World Baseball Classic Underscores Global Roots Of MLB

DENVER—When it comes to the World Baseball Classic, it is vogue to root for the underdogs. If those underdogs succeed, then interest builds on an international level, and that could mean making inroads into areas where baseball has been an afterthought.

That’s why it was so encouraging to see Israel go undefeated in the opening round of this year’s WBC, though its Cinderella dreams turned into a pumpkin in the second round. It’s why the Netherlands advancing to the final four in 2013 and repeating the feat in this installment is cause for inspiration.

Consider, there has never even been a major league player who was born in Israel. At the other extreme is the United States, where baseball is the national pastime.

And then there are the 14 other countries who participated in this year’s WBC, each with their own unique history of big leaguers:

• The Dominican Republic has produced more big leaguers (669) than any country other than the U.S. and had 130 appear in a big league game last year. The D.R. also produced two Hall of Famers—Juan Marichal (inducted 1983) and Pedro Martinez (2015)—and at least four more are on the horizon: Vladimir Guerrero, David Ortiz, Adrian Beltre and Albert Pujols.

• Venezuela has produced 358 big leaguers, including 102 who were active last year. Known for shortstops—including the likes of Luis Aparicio, Ozzie Guillen and Omar Vizquel—the country has also shown some thunder. The Tigers’ Miguel Cabrera already holds the Venezuelan record with 446 home runs. The Mariners’ Felix Hernandez has become the country’s top big league pitcher.

• Puerto Rico has produced 257 big leaguers, 26 of whom appeared in the big leagues last year. Roberto Clemente became the first player born outside the U.S. to be inducted into the Hall of Fame (1973). He has been joined by Orlando Cepeda (1999), Roberto Alomar (2011) and Ivan Rodriguez (2017).

• Canada has produced 246 big leaguers, 13 of whom played in the big leagues last year. Ferguson Jenkins became the first Canadian Hall of Famer. Larry Walker is the most dynamic Canadian to play in the big leagues.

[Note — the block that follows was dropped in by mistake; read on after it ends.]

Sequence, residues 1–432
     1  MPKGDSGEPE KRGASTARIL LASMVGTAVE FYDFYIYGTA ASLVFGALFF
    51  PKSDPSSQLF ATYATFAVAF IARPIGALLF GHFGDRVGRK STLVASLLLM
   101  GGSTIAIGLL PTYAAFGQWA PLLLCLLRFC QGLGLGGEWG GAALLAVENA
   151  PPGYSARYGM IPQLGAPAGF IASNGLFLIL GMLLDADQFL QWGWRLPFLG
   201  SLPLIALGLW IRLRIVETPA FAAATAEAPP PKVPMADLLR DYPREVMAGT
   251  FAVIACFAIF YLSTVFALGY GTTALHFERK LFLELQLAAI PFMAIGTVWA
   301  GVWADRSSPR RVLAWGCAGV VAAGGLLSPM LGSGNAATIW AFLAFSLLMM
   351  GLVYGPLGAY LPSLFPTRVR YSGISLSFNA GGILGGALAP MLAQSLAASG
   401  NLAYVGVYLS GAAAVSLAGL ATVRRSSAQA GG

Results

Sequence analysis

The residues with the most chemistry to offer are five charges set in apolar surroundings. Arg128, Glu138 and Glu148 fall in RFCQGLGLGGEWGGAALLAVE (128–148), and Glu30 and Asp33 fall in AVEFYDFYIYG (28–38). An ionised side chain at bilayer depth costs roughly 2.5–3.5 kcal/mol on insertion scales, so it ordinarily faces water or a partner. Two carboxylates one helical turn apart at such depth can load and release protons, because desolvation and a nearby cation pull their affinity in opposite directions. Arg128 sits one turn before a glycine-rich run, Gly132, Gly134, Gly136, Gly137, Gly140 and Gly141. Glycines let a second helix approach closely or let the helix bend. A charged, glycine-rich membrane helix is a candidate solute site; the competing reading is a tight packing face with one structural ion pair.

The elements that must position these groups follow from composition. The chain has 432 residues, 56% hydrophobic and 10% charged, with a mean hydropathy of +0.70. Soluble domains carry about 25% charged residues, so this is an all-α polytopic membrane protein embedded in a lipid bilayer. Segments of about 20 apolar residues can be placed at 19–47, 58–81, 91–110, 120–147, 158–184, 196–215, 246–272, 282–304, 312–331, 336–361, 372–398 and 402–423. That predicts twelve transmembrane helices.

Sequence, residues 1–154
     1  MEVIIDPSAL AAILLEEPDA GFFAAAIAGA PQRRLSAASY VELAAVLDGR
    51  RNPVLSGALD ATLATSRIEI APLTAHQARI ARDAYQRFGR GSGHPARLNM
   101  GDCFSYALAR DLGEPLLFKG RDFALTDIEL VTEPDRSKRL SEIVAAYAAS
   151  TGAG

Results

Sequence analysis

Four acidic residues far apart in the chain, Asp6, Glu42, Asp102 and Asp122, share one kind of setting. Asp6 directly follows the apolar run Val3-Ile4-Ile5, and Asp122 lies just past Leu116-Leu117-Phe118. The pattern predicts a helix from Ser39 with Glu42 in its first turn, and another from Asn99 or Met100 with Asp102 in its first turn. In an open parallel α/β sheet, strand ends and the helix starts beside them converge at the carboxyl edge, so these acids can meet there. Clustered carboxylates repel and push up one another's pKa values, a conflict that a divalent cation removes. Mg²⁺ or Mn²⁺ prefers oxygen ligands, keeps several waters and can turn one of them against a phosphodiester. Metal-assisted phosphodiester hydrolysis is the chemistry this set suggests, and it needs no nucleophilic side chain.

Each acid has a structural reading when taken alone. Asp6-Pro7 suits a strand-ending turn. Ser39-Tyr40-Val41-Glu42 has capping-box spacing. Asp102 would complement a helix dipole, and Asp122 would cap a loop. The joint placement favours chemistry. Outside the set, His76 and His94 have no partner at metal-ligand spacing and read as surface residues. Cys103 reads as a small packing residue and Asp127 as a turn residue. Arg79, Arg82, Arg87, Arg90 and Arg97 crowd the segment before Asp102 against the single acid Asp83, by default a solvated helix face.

• Cuba has produced 199 big leaguers, including 29 who appeared last season. The production of players, however, has been limited because of the relations between Cuba and the U.S. Tony Perez, however, was elected to the Hall of Fame in 2000.

• Mexico has produced 121 big leaguers, including 14 who appeared in the big leagues last year—but there is a catch. Mexico has its own professional leagues in the summer and winter, and until the breakthrough of Fernando Valenzuela in 1981, the players from Mexico were leery about coming to the U.S. and playing in the minor leagues. The greatest Mexican player in history, Hector Espino, played just 32 minor league games in the U.S. He hit a Mexican-record 484 home runs in his career, all but three in Mexico. Those came when he signed with the Cardinals late in the 1964 season and played 32 games at Triple-A Jacksonville.

 Japan has a strong professional system itself. While 63 Japanese-born players have appeared in the big leagues—including nine last year—59 of those players have arrived in the big leagues since 1995, when Hideo Nomo became a sensation with the Dodgers. The first Japanese big leaguer was pitcher Masanori Murakami with the 1964 Giants.

• Australia has produced 30 big leaguers, including four who appeared last year, notably relievers Liam Hendriks and Peter Moylan.

 Korea has had 22 big leaguers, including nine who played last year. Among them is the Rangers’ Shin-Soo Choo. Chan Ho Park became the first Korean big leaguer in 1994.

• Colombia has produced 20 big leaguers, six of whom were in the big leagues last year, including top-line starting pitchers Julio Teheran and Jose Quintana. Edgar Renteria, the manager of Colombia’s WBC team, hit .286 in his career with 140 home runs. In 1974, Angels shortstop Orlando Ramirez became the first native of Colombia to appear in the big leagues since 1902.

• The Kingdom of the Netherlands has had 12 big leaguers, including young middle infielders who grew up in Dutch territories in the Caribbean—such as Xander Bogaerts, Didi Gregorius, Jurickson Profar and Jonathan Schoop—as well as Hall of Fame pitcher Bert Blyleven.

• Taiwan has had 11 players appear in the big leagues, including three last season. Chin-Feng Chen was the first to make it to the majors with the 2002 Dodgers.

 Italy has had seven players appear in the big leagues, most notably Alex Liddi, currently a Mexican Leaguer who played with Seattle from 2011-13.

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